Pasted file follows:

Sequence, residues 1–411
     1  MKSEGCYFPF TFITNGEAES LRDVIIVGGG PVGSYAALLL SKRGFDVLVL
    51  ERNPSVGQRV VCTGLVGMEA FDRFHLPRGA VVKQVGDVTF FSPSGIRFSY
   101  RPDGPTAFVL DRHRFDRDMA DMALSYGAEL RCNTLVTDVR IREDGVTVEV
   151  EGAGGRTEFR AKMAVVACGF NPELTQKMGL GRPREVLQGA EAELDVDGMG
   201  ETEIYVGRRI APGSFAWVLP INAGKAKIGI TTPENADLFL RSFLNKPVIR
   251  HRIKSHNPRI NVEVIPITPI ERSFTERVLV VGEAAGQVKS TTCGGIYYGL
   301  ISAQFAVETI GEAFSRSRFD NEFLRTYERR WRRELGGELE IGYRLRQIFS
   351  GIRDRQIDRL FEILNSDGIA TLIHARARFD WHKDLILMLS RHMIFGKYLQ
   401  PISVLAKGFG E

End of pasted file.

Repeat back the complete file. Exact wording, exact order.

Sequence, residues 1–411
     1  MKSEGCYFPF TFITNGEAES LRDVIIVGGG PVGSYAALLL SKRGFDVLVL
    51  ERNPSVGQRV VCTGLVGMEA FDRFHLPRGA VVKQVGDVTF FSPSGIRFSY
   101  RPDGPTAFVL DRHRFDRDMA DMALSYGAEL RCNTLVTDVR IREDGVTVEV
   151  EGAGGRTEFR AKMAVVACGF NPELTQKMGL GRPREVLQGA EAELDVDGMG
   201  ETEIYVGRRI APGSFAWVLP INAGKAKIGI TTPENADLFL RSFLNKPVIR
   251  HRIKSHNPRI NVEVIPITPI ERSFTERVLV VGEAAGQVKS TTCGGIYYGL
   301  ISAQFAVETI GEAFSRSRFD NEFLRTYERR WRRELGGELE IGYRLRQIFS
   351  GIRDRQIDRL FEILNSDGIA TLIHARARFD WHKDLILMLS RHMIFGKYLQ
   401  PISVLAKGFG E